The Financial Conduct Authority (FCA) has said it’s fined Invesco Perpetual £18.6m for failings in fund management.
The country’s largest investment manager exposed investors to a greater level of risk than they’d been led to expect, the regulator said, and, between May 2008 and November 2012, it failed to comply with investment limbs designed to protect consumers by limiting exposure.
The FCA also found that the firm didn’t sufficiently explain the risks associated with its use of derivatives, which introduces leverage into the funds. It was allowed to use them in this way, however.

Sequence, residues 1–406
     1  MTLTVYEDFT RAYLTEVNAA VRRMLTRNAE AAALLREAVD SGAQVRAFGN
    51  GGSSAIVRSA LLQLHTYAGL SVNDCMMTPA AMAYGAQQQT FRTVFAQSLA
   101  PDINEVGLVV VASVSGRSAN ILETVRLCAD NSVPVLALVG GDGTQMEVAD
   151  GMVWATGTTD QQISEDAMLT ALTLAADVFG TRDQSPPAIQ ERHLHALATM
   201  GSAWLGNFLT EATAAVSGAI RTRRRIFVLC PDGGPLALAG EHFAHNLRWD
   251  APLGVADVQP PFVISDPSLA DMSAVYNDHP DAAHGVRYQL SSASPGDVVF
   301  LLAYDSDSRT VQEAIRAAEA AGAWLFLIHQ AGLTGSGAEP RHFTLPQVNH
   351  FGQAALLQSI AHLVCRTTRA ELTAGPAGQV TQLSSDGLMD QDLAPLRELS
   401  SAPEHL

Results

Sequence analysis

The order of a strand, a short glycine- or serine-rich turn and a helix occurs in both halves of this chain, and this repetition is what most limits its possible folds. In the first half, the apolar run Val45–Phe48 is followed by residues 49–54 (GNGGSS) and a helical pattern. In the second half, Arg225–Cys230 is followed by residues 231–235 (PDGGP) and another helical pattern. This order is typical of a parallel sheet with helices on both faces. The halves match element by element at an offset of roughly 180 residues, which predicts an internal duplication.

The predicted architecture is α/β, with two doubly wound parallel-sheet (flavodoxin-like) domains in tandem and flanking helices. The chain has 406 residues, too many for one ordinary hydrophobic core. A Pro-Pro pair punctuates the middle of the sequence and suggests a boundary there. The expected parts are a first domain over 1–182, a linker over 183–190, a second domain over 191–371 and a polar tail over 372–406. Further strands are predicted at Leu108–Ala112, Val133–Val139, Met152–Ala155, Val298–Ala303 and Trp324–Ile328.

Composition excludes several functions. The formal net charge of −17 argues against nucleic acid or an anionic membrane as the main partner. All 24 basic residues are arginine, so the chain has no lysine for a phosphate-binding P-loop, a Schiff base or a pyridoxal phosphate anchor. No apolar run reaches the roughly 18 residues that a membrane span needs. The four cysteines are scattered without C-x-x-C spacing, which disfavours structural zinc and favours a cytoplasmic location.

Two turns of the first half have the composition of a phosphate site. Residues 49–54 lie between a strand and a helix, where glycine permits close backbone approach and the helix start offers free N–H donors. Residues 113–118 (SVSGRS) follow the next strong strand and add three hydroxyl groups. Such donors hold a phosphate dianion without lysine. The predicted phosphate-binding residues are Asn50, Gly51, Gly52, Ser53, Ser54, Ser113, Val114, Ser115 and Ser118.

Losses came to £5m, and compensation was paid. Invesco Perpetual acted quickly to improve systems and controls, the FCA confirmed.
Invesco Perpetual agreed to settle at an early stage, qualifying for 30 per cent discount to their fine. Without this, the hit would have been £26.6m.
Tracey McDermott, FCA director of enforcement and financial crime, said:
As a forward looking regulator the FCA takes action where we see risks to consumers, not just after they suffer losses. In this case, investors of all sizes trusted Invesco Perpetual to manage their money. They signed up for a certain level of risk but we found Invesco Perpetual’s actions were at odds with investors’ reasonable expectations.
Predominantly retail consumers, investors place around £47bn in Invesco Perpetual branded funds.